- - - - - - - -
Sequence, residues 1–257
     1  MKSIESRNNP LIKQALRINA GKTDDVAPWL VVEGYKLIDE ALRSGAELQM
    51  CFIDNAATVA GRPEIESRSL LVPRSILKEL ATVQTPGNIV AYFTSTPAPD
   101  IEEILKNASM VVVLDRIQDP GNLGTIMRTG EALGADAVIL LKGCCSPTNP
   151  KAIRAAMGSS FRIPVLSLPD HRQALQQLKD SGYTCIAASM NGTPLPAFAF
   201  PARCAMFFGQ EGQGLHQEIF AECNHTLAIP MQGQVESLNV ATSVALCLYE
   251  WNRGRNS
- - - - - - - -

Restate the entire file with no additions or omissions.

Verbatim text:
Sequence, residues 1–257
     1  MKSIESRNNP LIKQALRINA GKTDDVAPWL VVEGYKLIDE ALRSGAELQM
    51  CFIDNAATVA GRPEIESRSL LVPRSILKEL ATVQTPGNIV AYFTSTPAPD
   101  IEEILKNASM VVVLDRIQDP GNLGTIMRTG EALGADAVIL LKGCCSPTNP
   151  KAIRAAMGSS FRIPVLSLPD HRQALQQLKD SGYTCIAASM NGTPLPAFAF
   201  PARCAMFFGQ EGQGLHQEIF AECNHTLAIP MQGQVESLNV ATSVALCLYE
   251  WNRGRNS